The Ideal of the Dispassionate Judge: An Emotion Regulation Perspective
6:2 Emotion Review 142, April 2014
10 Pages Posted: 11 Nov 2015
Date Written: November 10, 2013
According to legal tradition, the ideal judge is entirely dispassionate. Affective science calls into question the legitimacy of this ideal; further, it suggests that no judge could ever meet this standard, even if it were the correct one. What judges can and should do is to learn to effectively manage — rather than eliminate — emotion. Specifically, an emotion regulation perspective suggests that (a) judicial emotion is best managed by cognitive reappraisal and, often, disclosure; (b) behavioral suppression should be used sparingly; and (c) suppression of emotional experience is rarely helpful. We argue that the dispassionate-judge ideal presents barrier to achieving the flexibility necessary for adaptive judicial emotion regulation. We suggest a new ideal, that of the emotionally well-regulated judge, and propose several directions for future research to strengthen ties between law and psychology, with particular attention to the study of emotion.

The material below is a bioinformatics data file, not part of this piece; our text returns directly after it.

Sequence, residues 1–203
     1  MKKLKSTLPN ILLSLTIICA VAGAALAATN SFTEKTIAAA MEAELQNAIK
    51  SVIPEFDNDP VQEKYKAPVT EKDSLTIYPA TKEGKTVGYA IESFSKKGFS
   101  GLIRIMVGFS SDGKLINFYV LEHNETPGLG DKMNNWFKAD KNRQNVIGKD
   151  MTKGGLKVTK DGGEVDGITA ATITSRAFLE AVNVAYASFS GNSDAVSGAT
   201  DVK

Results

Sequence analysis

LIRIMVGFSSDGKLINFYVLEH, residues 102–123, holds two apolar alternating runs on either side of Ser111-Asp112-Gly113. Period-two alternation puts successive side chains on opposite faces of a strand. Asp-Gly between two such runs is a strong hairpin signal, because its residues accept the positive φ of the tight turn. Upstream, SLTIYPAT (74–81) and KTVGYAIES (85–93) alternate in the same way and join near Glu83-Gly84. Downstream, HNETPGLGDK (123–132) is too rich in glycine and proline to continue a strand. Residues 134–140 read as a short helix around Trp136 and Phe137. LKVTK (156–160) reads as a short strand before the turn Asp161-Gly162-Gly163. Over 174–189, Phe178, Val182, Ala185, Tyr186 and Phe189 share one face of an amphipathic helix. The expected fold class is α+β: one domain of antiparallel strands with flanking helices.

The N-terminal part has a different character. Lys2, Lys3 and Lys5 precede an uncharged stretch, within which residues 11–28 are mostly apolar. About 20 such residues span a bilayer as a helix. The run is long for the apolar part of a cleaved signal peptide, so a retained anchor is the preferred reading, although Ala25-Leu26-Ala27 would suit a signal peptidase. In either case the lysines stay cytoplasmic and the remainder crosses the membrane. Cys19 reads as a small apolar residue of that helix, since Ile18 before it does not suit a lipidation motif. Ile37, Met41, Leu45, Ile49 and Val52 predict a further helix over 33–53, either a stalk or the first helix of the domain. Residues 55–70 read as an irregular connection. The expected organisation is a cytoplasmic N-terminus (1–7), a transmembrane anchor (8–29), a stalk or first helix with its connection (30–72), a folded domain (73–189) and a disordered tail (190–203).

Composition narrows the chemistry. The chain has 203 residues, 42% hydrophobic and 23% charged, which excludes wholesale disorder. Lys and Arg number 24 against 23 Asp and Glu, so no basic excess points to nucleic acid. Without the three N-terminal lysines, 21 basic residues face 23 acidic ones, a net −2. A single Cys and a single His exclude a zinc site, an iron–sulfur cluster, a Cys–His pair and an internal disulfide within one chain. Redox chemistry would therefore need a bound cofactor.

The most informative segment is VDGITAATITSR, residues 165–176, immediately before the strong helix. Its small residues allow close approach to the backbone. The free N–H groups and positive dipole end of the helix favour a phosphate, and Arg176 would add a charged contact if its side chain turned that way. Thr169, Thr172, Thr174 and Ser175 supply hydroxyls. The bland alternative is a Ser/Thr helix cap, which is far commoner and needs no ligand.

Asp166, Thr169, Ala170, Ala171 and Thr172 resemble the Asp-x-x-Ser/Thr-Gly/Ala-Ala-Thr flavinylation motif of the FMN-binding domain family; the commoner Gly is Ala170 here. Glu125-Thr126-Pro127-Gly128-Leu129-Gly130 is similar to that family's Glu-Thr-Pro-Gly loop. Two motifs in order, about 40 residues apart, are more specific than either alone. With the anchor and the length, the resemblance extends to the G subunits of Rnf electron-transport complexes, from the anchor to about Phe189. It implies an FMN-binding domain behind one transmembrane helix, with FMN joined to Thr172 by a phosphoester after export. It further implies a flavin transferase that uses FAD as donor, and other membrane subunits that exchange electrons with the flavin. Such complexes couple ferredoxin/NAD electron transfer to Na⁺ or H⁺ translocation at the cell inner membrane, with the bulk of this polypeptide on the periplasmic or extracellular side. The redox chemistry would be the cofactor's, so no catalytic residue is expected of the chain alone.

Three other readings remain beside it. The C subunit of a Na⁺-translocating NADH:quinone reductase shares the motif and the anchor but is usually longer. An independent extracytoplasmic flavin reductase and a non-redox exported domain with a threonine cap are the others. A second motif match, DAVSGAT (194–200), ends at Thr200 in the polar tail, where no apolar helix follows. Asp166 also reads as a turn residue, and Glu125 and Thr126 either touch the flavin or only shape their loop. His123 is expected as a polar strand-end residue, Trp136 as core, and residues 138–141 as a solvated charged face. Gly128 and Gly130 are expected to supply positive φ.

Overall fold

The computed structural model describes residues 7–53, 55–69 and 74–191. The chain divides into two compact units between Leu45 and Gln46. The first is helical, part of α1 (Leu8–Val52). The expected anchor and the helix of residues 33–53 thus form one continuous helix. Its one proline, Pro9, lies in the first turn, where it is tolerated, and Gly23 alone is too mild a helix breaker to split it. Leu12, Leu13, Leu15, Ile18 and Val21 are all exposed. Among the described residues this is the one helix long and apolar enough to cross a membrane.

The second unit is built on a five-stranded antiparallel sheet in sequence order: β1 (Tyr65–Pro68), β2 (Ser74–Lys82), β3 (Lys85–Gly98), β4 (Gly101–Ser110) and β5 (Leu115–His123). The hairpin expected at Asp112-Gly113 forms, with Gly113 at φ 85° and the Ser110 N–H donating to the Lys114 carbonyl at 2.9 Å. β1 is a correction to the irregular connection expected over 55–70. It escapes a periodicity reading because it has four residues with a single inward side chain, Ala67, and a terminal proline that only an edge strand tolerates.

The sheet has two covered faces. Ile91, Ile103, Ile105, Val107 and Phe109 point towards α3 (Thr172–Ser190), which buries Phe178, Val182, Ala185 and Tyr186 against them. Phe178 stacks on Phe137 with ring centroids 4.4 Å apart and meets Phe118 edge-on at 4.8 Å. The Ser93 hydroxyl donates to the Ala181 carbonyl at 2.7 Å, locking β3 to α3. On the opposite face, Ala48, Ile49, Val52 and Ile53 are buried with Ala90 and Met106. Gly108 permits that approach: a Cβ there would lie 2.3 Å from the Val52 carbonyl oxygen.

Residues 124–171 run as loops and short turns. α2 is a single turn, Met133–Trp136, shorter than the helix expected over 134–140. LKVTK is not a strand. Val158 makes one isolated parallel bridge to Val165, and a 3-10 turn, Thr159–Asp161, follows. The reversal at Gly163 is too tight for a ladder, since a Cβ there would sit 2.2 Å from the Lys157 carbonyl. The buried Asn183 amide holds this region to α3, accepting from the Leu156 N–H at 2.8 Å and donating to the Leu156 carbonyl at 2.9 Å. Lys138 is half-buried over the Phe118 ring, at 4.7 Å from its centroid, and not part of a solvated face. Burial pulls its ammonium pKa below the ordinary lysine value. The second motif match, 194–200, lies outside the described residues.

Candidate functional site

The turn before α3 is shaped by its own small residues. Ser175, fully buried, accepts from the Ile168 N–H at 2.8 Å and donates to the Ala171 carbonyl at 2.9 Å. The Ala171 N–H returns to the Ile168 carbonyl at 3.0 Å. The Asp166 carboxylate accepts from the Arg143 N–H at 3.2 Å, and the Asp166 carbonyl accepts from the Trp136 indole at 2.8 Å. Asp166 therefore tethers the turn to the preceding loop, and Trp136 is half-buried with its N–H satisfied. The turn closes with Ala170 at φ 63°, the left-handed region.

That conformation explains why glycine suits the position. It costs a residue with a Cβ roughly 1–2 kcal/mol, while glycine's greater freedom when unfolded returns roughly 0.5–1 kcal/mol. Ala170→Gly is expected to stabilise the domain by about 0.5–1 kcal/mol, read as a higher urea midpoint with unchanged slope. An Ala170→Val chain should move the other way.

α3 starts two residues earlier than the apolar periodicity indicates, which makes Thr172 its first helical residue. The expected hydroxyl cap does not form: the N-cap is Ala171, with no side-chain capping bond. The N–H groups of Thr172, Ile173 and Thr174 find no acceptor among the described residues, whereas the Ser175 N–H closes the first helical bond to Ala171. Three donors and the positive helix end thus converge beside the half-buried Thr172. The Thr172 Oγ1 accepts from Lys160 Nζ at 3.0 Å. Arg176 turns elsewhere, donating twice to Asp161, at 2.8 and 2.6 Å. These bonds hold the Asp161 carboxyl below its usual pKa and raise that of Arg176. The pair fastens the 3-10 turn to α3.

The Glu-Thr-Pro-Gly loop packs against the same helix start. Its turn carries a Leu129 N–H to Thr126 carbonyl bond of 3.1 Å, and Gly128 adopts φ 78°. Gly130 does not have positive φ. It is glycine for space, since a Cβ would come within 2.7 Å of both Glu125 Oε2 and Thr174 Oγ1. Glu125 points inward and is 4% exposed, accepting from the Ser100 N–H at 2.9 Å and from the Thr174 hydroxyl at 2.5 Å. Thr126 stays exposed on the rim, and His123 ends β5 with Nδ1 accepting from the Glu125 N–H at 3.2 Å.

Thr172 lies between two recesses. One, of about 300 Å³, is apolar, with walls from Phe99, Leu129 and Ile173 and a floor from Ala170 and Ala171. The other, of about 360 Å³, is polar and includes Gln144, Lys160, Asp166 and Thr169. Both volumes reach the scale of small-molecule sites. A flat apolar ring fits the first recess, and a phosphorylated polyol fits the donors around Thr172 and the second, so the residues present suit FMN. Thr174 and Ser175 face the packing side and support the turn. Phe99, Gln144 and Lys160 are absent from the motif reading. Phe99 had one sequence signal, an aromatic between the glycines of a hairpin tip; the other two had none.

Keywords: judges, emotion, emotion regulation, law and psychology
Suggested Citation: Suggested Citation